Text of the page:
April 20, 2011 – Article II, Section 1, Clause 5 of the United States Constitution – Guest Essayist: James D. Best, author of Tempest at Dawn

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Article II, Section 1, Clause 5

5:  No Person except a natural born Citizen, or a Citizen of the United States, at the time of the Adoption of this Constitution, shall be eligible to the Office of President; neither shall any Person be eligible to that Office who shall not have attained to the Age of thirty five Years, and been fourteen Years a Resident within the United States.

The president of the United States must meet three eligibility requirements. He or she must be a natural born citizen, be at least thirty-five years old, and have resided within the United States for fourteen years.

The first eligibility requirement is that the president be a natural born citizen.

There is an obsolete way to meet the citizenship requirement. The office seeker could have achieved citizenship before nine states ratified the Constitution. With this proviso, the eight foreign-born delegates to the Federal Convention would be eligible. Before ratification could become a possibility, the Constitution had to make it out of the statehouse, so it was tactful to make every delegate eligible for the executive position.

If a modern candidate is less than two-hundred and twenty years old, he must be a natural born citizen. Someone born inside the United States is a natural born citizen. Although some disagree, persons born outside the United States to United States citizens are considered natural born citizens. The first Congress in 1790 declared that “the children of citizens of the United States, that may be born beyond the sea, or out of the limits of the United States, shall be considered as natural born citizens.” The only reason this did not close the argument is that a Congressional statute cannot alter or clarify the supreme law of the land, but it certainly can be used to determine intent of the framers.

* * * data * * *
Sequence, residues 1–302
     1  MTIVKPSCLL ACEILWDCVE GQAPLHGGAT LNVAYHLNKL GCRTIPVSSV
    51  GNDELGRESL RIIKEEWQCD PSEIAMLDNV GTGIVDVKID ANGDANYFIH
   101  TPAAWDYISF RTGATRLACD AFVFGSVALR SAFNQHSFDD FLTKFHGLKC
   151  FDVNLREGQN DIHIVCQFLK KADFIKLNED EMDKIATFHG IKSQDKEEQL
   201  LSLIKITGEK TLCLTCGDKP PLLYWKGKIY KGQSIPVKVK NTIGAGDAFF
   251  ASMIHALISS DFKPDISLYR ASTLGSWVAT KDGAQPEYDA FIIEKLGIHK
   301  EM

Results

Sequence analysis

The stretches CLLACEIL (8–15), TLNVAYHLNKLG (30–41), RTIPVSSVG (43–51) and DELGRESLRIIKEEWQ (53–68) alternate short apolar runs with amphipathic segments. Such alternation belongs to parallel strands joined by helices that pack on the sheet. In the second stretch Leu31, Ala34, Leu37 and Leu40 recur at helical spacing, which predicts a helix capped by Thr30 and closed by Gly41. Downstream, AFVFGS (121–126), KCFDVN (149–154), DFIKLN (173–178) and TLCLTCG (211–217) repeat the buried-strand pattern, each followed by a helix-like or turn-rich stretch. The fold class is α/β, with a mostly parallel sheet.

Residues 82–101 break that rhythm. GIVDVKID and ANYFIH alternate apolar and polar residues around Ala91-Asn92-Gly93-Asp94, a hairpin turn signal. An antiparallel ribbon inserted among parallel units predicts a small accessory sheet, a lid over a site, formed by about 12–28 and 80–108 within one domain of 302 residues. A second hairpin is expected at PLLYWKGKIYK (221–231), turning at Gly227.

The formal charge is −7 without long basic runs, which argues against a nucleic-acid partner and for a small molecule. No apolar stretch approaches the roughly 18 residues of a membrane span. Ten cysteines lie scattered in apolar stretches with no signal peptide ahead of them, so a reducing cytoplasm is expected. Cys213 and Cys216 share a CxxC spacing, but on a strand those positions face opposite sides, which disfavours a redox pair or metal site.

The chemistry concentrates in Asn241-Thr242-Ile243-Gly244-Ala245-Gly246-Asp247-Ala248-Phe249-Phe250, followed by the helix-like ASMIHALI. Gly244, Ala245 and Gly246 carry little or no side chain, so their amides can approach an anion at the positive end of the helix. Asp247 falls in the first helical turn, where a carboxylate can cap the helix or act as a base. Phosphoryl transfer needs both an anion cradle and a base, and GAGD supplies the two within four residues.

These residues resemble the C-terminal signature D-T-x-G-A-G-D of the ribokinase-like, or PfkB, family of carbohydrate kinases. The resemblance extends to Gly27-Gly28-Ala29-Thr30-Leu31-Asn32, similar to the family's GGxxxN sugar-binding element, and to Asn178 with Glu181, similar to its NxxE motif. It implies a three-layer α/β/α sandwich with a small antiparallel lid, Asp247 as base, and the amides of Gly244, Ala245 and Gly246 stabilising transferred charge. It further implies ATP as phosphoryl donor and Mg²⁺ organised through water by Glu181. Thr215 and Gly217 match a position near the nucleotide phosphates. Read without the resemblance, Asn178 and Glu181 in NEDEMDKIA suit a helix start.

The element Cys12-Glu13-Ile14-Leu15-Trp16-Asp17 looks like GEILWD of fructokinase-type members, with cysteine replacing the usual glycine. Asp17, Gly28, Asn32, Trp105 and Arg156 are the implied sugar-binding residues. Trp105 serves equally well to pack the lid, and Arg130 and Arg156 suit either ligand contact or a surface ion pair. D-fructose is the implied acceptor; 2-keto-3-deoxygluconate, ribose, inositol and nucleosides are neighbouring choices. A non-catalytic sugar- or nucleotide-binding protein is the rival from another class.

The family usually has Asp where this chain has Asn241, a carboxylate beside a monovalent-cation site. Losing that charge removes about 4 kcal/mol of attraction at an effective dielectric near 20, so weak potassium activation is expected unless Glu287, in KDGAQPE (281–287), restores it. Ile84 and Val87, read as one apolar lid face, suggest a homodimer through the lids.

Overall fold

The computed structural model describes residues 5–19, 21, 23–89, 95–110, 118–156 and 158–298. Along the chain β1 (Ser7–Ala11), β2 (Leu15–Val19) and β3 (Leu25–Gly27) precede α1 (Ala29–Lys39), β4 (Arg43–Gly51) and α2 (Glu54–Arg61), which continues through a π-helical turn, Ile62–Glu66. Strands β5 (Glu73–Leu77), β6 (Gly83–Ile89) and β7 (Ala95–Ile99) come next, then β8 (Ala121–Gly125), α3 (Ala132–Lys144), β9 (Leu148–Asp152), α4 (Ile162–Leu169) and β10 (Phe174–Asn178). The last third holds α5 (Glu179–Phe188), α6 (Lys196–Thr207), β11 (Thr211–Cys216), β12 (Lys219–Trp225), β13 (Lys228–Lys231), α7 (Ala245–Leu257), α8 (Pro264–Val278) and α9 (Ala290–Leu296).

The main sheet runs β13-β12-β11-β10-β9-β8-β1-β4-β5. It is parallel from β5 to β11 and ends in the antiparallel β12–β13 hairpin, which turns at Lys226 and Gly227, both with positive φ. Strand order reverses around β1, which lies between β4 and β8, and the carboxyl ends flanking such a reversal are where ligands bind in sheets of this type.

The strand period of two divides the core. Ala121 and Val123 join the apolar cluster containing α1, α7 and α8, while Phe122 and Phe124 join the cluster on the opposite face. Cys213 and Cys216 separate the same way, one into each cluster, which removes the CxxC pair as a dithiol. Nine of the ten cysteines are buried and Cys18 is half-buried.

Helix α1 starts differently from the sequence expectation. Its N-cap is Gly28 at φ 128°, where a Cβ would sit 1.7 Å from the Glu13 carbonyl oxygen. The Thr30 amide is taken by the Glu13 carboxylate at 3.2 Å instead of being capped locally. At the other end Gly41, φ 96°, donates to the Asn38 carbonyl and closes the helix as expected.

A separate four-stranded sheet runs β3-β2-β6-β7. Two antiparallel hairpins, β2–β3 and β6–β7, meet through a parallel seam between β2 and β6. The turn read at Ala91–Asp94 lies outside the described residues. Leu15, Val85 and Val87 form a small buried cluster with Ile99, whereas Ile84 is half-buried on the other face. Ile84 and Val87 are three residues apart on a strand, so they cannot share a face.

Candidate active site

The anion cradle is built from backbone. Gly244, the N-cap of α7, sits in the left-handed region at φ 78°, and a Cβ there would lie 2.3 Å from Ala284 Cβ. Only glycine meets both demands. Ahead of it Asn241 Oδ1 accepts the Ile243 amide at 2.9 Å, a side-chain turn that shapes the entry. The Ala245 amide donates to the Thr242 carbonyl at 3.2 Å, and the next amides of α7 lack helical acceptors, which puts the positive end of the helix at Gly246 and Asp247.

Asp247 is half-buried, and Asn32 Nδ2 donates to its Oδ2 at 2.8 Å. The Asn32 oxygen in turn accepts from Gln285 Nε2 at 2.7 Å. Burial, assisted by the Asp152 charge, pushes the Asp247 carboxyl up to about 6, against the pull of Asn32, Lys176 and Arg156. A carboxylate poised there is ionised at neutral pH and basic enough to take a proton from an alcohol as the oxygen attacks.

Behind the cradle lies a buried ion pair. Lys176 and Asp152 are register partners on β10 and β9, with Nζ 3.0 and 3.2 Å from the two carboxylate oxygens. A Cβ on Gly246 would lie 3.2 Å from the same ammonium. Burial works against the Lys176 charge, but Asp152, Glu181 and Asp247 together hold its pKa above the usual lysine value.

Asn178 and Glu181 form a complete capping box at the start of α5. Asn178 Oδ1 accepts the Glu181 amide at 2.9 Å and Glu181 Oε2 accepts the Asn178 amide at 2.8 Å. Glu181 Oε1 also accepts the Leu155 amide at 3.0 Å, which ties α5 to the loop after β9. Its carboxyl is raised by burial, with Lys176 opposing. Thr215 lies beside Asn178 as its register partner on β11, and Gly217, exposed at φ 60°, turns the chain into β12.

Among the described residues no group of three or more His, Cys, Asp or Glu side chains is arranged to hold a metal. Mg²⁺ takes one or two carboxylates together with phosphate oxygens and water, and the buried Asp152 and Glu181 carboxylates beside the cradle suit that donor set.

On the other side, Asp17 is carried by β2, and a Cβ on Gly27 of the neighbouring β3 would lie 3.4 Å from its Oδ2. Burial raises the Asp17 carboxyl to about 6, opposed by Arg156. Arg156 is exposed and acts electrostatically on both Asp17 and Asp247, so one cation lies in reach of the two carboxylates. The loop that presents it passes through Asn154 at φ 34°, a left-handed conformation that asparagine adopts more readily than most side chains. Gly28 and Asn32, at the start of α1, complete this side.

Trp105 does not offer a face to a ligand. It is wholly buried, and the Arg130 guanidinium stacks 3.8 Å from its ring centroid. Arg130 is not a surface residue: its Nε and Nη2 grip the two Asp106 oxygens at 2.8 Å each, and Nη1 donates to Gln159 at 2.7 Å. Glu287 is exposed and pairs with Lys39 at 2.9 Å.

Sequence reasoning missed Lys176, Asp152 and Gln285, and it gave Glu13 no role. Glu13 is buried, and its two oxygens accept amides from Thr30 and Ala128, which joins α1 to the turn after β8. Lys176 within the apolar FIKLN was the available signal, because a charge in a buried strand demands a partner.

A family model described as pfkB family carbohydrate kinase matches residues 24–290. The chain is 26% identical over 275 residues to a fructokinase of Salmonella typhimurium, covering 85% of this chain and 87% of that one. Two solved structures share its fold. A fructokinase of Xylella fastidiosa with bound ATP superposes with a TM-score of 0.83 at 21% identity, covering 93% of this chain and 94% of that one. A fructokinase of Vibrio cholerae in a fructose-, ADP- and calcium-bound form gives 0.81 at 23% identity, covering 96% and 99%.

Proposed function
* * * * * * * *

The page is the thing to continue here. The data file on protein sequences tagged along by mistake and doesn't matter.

What was the intent of the framers? It actually varied by individual, as it did on many issues. When they debated this clause, Benjamin Franklin said, “When foreigners after looking about for some other country in which they can obtain more happiness, give a preference to ours it is a proof of attachment which ought to excite our confidence and affection.”1

Gouverneur Morris disagreed. “As for those philosophical ‘citizens of the world,’ I don’t want them in public councils. I do not trust them. A man who shakes off attachment to his country can never love any other.”1

(The debates can enlighten on original intent, but in the end, it was the votes that determined what the Constitution meant.)

The president must also be at least thirty-five years old upon taking the oath of office. Today, thirty-five seems young. Theodore Roosevelt was the youngest president at forty-two, and John F. Kennedy was the youngest elected president at forty-three. In 1787, thirty-five was not young. Alexander Hamilton was still five years away from eligibility. His fellow delegates Jonathon Dayton, John Mercer, Richard Dobbs Spaight, and Charles Pinckney were all younger. Even the Father of the Constitution, James Madison, was only thirty-six.